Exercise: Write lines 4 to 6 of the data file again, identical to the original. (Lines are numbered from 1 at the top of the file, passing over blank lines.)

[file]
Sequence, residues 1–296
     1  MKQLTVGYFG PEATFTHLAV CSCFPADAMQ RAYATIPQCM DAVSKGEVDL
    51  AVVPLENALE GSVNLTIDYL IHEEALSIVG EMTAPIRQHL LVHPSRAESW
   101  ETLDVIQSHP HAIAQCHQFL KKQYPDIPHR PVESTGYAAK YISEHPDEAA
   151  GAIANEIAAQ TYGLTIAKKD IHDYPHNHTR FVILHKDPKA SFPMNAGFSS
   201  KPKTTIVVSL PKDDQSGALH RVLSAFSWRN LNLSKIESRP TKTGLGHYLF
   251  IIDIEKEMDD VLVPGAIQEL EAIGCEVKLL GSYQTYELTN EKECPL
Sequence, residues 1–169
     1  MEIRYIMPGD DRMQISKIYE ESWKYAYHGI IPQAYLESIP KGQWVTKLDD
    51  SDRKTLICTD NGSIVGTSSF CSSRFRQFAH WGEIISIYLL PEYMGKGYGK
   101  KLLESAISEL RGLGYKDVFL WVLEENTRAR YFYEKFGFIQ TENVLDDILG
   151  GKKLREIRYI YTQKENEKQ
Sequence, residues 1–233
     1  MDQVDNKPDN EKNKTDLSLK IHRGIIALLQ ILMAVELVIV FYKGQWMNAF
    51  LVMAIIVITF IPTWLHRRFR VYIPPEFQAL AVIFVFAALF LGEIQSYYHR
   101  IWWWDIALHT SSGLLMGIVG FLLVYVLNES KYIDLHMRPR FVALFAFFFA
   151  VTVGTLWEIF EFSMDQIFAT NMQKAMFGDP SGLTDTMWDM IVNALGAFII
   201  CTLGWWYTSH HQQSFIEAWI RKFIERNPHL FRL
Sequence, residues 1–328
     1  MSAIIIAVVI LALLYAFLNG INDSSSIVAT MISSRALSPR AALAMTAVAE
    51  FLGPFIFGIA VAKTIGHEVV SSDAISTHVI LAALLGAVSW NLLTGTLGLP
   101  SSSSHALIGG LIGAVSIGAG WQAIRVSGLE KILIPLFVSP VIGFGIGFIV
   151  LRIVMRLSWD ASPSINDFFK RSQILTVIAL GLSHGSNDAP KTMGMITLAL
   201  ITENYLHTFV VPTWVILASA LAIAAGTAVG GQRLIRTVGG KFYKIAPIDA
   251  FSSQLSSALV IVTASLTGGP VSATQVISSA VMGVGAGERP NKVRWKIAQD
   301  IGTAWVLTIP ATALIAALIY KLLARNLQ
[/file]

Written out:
   101  ETLDVIQSHP HAIAQCHQFL KKQYPDIPHR PVESTGYAAK YISEHPDEAA
   151  GAIANEIAAQ TYGLTIAKKD IHDYPHNHTR FVILHKDPKA SFPMNAGFSS
   201  KPKTTIVVSL PKDDQSGALH RVLSAFSWRN LNLSKIESRP TKTGLGHYLF